“We are ready for that kind of a year but we hope commonsense will prevail.

I am all for common sense. Common sense is that the economy has grown only 0.4% in the last six months, so pay increases greater than the rate of economic growth are not common sense. Likewise borrowing more money to fund pay increases is not common sense when you are borrowing $240 million every week just to pay for current salaries.


October 12th, 2009 at 12:00 pm by David Farrar

A nice headline in the Herald about how the dole queue has dropped for the first time in around a year. However I would not read too much into it:

  • Firstly the HLFS is the better (and internationally) comparable figure of unemployment as it measures everyone available and looking for work regardless of if they are on the dole.
  • Some of the drop is because of the Government’s subsidies for young people. Now it is great this has got them into work, and off the dole, the effect may not be permanent.
  • There are seasonal issues, and over summer you gets tens of thousands of tertiary students seeking work

So I still expect unemployment to increase in the HLFS in Sep 2009 and Dec 2009 quarters. But maybe things will get better before late 2010.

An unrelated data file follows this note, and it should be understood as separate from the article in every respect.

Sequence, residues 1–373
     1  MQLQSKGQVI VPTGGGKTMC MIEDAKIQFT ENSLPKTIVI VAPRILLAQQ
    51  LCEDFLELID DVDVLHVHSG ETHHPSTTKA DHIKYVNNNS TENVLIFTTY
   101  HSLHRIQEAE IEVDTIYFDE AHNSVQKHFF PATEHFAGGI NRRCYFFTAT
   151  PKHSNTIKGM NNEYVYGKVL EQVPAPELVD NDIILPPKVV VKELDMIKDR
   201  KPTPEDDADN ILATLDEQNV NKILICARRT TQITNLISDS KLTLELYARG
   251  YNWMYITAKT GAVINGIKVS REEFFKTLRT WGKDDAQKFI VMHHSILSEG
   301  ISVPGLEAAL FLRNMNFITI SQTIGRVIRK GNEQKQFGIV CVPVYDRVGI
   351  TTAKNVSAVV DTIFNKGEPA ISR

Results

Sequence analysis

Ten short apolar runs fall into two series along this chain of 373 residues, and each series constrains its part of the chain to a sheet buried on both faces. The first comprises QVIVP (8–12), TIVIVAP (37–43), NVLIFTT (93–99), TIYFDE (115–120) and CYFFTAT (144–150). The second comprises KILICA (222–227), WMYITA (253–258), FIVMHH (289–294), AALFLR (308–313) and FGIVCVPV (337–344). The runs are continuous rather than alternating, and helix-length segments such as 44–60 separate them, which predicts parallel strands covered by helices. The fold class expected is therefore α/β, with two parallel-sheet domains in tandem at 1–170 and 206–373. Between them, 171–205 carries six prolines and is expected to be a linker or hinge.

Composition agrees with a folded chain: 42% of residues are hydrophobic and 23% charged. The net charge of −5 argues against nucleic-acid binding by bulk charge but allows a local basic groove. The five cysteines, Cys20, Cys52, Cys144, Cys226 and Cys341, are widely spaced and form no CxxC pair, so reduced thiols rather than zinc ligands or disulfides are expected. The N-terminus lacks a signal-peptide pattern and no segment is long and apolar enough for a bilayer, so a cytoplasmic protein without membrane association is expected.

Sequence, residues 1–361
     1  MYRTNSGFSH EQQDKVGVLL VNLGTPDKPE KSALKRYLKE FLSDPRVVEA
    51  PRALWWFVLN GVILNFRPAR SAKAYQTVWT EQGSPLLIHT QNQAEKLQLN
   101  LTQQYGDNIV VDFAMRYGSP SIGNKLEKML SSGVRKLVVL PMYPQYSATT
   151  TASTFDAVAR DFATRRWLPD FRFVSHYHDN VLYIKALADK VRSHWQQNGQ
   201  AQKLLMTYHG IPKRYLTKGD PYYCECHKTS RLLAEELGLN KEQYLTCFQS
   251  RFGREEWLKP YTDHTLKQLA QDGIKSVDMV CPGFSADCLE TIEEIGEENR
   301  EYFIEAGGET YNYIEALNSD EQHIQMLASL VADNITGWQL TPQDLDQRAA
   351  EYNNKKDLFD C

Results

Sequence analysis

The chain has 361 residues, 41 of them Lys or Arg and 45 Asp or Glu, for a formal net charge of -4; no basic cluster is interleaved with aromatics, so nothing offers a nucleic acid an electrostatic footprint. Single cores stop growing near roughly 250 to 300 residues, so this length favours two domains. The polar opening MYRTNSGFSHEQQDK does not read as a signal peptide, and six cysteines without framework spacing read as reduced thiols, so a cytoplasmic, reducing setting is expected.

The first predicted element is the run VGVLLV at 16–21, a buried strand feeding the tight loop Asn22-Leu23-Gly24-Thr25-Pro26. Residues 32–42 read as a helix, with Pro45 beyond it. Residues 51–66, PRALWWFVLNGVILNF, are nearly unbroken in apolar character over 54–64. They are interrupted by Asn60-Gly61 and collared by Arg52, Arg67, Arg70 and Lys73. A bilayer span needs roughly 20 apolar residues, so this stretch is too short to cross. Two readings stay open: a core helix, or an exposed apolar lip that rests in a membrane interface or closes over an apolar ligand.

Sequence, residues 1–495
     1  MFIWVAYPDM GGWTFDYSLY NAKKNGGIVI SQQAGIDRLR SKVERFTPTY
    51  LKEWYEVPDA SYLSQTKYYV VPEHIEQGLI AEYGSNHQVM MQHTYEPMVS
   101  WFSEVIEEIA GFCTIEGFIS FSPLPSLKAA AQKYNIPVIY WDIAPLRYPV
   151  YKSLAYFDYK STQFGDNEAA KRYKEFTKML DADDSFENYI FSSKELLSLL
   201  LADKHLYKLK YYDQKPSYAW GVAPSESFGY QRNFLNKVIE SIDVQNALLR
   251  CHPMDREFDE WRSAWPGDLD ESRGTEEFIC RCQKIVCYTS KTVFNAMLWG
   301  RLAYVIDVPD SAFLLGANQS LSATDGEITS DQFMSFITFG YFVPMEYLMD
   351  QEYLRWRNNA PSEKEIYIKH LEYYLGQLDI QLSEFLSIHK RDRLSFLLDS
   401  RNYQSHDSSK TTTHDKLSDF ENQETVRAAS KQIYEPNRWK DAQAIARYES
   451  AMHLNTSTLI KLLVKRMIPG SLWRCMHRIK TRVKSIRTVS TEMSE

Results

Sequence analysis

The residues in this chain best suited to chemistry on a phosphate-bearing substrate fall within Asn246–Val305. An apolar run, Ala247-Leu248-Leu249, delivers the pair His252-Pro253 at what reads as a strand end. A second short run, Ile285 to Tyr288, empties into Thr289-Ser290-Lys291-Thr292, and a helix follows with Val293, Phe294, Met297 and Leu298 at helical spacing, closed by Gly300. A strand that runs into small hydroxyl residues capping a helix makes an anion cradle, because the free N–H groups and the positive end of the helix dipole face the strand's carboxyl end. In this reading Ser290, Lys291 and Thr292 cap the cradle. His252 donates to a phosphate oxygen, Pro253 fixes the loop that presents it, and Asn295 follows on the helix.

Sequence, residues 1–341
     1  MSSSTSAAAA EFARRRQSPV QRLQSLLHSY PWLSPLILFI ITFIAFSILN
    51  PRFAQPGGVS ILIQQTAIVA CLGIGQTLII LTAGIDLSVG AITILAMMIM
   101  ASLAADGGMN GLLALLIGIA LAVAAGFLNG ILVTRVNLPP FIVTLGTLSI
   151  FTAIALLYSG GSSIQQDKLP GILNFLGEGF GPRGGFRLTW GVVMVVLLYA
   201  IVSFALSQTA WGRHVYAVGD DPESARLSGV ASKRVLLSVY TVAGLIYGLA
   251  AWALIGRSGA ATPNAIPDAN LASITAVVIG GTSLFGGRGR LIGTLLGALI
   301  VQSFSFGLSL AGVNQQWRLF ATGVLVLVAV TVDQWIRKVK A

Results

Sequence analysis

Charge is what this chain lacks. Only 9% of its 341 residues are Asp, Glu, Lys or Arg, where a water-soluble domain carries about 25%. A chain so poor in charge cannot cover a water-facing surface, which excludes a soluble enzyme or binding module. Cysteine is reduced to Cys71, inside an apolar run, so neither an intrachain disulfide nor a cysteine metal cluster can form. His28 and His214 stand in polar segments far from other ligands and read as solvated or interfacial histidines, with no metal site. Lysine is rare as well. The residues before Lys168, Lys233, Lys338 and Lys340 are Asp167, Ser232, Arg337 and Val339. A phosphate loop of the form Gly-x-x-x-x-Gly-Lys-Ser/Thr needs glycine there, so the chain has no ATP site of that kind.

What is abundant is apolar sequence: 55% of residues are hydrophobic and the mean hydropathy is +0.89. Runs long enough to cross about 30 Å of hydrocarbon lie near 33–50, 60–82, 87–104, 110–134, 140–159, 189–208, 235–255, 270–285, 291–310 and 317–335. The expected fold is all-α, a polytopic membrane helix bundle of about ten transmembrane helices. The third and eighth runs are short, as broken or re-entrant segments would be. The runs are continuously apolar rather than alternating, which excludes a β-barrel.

But Business NZ chief executive Phil O’Reilly said the figure tallied with other evidence that employment might be picking up much sooner than the September quarter of next year, when current economic forecasts predict unemployment will peak at 7.5 to 8 per cent.

“There’s a good possibility of a permanent trend downwards from early next year,” he said.

That would be good.

Council of Trade Unions secretary Peter Conway agreed that the signs were that unemployment would peak sooner than next September and at less than 8 per cent.

He and Mr O’Reilly noted there had been no large-scale closures in the last few months, although there was a risk that some businesses might be forced under by the strength of the dollar.

Let’s just hope the US economy doesn’t implode, causing a W shaped recession.


March 22nd, 2009 at 10:17 am by David Farrar

Just watched the first Q&A. Overall pretty good.

The Guyon Espiner interview with Key was solid. He probed Key on lots of areas – and Key actually revealed quite a bit of stuff we didn’t know.